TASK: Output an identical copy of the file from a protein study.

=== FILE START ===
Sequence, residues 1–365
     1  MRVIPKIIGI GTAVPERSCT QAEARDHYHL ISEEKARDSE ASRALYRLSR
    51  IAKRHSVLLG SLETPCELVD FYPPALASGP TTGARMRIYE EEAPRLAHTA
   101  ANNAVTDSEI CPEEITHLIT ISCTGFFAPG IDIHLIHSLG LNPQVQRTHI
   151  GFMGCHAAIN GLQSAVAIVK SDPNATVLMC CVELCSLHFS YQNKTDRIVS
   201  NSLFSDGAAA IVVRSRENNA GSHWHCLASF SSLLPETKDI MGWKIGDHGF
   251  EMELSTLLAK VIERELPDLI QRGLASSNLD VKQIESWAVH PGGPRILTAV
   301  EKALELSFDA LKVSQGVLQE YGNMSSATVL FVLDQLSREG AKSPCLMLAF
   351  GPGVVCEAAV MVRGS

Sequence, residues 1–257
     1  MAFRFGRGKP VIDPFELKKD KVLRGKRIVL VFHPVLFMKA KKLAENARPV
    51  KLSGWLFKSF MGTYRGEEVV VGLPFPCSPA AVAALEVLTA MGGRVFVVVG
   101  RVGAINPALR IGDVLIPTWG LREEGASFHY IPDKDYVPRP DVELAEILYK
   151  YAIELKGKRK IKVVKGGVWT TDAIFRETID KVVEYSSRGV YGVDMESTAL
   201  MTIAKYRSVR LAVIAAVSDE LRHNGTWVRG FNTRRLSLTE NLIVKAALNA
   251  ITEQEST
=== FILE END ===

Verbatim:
Sequence, residues 1–365
     1  MRVIPKIIGI GTAVPERSCT QAEARDHYHL ISEEKARDSE ASRALYRLSR
    51  IAKRHSVLLG SLETPCELVD FYPPALASGP TTGARMRIYE EEAPRLAHTA
   101  ANNAVTDSEI CPEEITHLIT ISCTGFFAPG IDIHLIHSLG LNPQVQRTHI
   151  GFMGCHAAIN GLQSAVAIVK SDPNATVLMC CVELCSLHFS YQNKTDRIVS
   201  NSLFSDGAAA IVVRSRENNA GSHWHCLASF SSLLPETKDI MGWKIGDHGF
   251  EMELSTLLAK VIERELPDLI QRGLASSNLD VKQIESWAVH PGGPRILTAV
   301  EKALELSFDA LKVSQGVLQE YGNMSSATVL FVLDQLSREG AKSPCLMLAF
   351  GPGVVCEAAV MVRGS

Sequence, residues 1–257
     1  MAFRFGRGKP VIDPFELKKD KVLRGKRIVL VFHPVLFMKA KKLAENARPV
    51  KLSGWLFKSF MGTYRGEEVV VGLPFPCSPA AVAALEVLTA MGGRVFVVVG
   101  RVGAINPALR IGDVLIPTWG LREEGASFHY IPDKDYVPRP DVELAEILYK
   151  YAIELKGKRK IKVVKGGVWT TDAIFRETID KVVEYSSRGV YGVDMESTAL
   201  MTIAKYRSVR LAVIAAVSDE LRHNGTWVRG FNTRRLSLTE NLIVKAALNA
   251  ITEQEST